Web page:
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About

Tamara is the Social Media Coordinator and a regular writer for ScholarshipExperts.com, eStudentLoan.com and CampusDiscovery.com. She enjoys helping students prepare for college. As a mother of four, Tamara has first-hand experience with many areas of education, including special needs (autism), the International Baccalaureate program and post-secondary education. She enjoys speaking at schools and mentoring others online. In her free time, Tamara enjoys volunteering and supporting her favorite football team, the Jacksonville Jaguars.
24 Responses to “Scholarships for Adopted and Foster Children”
  1. Andrea Michael says:

    Hi,
    Do you happen to Know any Programs where I can find people willing to Sponsor students from abroad to come study English as a second Language?
    I was adopted here in Texas by an american Family but in Reality i come from a very poor biological Family back in Colombia which i Just found after 15 Years of not knowing anything from them and I am trying so hard to break the cycle that has being going on for decades within that group of people and the only way i have a chance doing so is if i can get my Younger brother out of it get him through school/degree and have him and i be the role models for all the little ones to come behind us to keep on making a better life for every and each one of the new members of the family that there is to come. I do not have what it takes financially but I know that there is someone out there who wants to be involved in a wonderful deed like this would be “saving one kid” out of hundreds and hundreds in the same situation. My brother WANTS to make a change in his life to be the change in everyone else coming’s lives and i hope to find the right person or persons to help us.
    I hope to hear something back from you and thanks for taking the time to read this.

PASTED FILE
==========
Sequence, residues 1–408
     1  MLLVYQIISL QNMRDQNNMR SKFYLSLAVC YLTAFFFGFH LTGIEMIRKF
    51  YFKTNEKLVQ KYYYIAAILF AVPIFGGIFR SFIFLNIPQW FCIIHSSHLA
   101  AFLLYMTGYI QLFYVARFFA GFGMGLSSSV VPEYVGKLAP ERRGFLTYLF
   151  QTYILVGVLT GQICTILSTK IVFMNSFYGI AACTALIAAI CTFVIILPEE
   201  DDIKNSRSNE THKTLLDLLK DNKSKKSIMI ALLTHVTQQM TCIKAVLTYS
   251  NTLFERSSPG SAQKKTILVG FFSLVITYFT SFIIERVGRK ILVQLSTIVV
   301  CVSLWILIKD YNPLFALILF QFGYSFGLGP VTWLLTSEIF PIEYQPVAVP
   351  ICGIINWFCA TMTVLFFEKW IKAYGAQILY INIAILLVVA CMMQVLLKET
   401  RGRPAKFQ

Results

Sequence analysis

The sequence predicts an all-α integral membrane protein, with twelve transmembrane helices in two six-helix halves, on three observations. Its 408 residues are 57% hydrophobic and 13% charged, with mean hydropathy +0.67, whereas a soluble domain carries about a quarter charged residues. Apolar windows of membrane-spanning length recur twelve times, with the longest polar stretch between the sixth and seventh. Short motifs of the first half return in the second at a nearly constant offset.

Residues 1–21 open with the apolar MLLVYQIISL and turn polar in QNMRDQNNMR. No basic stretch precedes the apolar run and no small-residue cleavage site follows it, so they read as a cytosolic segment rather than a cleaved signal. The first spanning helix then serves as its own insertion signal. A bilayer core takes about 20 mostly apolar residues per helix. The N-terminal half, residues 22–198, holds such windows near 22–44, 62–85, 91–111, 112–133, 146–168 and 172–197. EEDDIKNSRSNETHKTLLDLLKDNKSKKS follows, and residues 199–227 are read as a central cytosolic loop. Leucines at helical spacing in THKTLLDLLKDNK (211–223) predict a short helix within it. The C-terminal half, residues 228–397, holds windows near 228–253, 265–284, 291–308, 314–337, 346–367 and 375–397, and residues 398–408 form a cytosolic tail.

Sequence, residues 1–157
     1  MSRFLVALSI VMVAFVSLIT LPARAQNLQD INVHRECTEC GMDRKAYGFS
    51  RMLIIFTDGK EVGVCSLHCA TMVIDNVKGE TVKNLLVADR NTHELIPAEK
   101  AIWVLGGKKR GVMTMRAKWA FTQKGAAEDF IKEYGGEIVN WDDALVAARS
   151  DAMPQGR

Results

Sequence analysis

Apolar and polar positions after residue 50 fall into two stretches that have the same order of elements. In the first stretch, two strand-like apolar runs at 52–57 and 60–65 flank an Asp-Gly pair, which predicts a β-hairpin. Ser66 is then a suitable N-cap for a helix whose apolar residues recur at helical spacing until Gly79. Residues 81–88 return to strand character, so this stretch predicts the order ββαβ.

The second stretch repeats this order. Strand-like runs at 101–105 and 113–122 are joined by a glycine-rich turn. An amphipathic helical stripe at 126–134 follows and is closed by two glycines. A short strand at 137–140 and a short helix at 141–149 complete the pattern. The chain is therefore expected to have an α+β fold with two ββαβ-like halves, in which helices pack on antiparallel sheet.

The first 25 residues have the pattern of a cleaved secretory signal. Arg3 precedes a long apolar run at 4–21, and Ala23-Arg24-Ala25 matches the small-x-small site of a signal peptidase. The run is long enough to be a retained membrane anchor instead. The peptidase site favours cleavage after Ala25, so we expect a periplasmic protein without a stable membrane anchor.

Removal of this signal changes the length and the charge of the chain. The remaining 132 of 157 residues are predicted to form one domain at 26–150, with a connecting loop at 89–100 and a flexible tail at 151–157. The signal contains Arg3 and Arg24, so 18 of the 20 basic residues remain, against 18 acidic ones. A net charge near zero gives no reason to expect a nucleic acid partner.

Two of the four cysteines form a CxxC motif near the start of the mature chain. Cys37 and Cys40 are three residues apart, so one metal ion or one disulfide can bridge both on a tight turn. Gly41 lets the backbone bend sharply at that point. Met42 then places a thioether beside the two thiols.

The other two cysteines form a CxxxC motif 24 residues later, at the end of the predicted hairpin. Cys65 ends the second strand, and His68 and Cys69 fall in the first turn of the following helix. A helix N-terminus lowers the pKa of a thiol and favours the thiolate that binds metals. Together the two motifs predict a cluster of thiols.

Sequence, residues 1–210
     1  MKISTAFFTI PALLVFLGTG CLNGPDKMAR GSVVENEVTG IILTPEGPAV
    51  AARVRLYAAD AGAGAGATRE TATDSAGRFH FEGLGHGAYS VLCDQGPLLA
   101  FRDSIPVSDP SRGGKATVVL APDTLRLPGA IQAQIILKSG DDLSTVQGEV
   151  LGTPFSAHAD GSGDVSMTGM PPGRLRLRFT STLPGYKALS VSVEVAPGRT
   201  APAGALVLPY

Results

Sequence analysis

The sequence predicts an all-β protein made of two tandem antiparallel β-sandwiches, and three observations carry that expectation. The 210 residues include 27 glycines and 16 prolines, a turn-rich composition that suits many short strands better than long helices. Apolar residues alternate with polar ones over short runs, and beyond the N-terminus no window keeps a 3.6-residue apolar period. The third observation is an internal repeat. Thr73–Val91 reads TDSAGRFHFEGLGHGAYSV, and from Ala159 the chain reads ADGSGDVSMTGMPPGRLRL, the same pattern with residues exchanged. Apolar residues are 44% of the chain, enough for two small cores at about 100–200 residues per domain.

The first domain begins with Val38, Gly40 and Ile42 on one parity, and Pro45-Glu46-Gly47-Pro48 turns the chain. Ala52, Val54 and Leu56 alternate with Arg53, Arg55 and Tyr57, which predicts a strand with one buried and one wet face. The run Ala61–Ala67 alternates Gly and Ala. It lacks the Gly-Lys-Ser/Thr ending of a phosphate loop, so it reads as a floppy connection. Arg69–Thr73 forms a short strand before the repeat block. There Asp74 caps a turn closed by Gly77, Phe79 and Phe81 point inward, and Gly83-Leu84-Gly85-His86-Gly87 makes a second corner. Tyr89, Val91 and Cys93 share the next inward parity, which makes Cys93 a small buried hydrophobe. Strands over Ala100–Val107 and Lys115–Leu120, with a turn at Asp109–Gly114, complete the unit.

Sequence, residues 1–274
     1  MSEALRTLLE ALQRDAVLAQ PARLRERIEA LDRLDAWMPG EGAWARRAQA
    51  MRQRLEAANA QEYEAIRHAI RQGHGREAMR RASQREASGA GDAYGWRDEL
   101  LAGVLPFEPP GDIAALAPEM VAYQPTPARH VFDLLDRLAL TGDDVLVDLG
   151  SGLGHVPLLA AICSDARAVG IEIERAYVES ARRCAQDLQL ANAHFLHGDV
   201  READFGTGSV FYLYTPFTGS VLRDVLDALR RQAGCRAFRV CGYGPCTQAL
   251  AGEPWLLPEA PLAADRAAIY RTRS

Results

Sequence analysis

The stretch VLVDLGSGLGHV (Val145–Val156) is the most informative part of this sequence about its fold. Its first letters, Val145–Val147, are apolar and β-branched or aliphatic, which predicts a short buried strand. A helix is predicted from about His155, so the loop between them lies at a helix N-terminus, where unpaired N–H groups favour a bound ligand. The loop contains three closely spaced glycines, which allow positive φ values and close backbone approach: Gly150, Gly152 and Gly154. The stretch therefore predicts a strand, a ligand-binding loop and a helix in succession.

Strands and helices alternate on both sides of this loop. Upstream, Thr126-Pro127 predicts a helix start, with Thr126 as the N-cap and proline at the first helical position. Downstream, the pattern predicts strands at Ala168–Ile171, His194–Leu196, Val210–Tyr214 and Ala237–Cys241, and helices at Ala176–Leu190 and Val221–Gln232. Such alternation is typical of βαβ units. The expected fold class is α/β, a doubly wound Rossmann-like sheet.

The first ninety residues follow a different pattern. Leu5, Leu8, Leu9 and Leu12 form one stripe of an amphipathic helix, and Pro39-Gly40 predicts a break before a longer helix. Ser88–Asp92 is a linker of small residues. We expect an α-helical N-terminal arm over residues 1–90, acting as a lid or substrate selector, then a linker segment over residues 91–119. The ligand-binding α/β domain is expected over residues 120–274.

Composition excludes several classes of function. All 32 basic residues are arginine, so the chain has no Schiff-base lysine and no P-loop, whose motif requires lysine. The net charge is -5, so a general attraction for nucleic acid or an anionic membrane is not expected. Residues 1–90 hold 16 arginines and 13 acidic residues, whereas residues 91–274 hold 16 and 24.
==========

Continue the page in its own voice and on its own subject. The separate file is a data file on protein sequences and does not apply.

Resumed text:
Sincerely,
    Andrea

    • Tamara Krause says:

      You may want to check out EducationUSA.info. It has many helpful resources for international students who want to study in the U.S., including a listing of scholarships offered by specific colleges to help students pay for their education.

  2. Bill Burgess says:

    Hi Tamara,

    Are there specific scholarships for children with Asperger’s and privately adopted at birth?

    Thanks,

    Bill

    • Tamara Krause says:

      Many of the scholarships for autistic children also include those with Asperger’s syndrome. You should also check with nonprofit agencies that deal specifically with Asperger’s.The majority of scholarships for adopted children are for those who have gone through a state program or foster care, but you should read the eligibility rules carefully before ruling out your child. Unfortunately, I think the reasoning for excluding privately adopted children from many programs is that most assume the parents were financially stable enough to cover the costs of the adoption, so they should be able to absorb the costs of a college education, as well. Of course, this is not always the case. Remember, do not focus completely on locating scholarships for children with Asperger’s or adoption, as there are so many more other programs available that reward students for grades, talents and other skills. Cast a wide net!

  3. liz says:

    Our daughter’s biological mother used drugs and alcohol during her pregnancy.We adopted our daughter from Foster care when she turned 4. The state we adopted her from does nothing in the way of any help with college. We were told that she wold probably not be able to learn how to read,much less go to college. But,she has a 3.3 GPA,and is now doing IB level work. She really does want to get an education. Do you know of any scholarship resources ? We cannot get any info about how to apply for the Anne Ford scholarship. Would she be eligible to apply for the Casey family scholarship ? Thanks so much. Liz.

    • Tamara Krause says: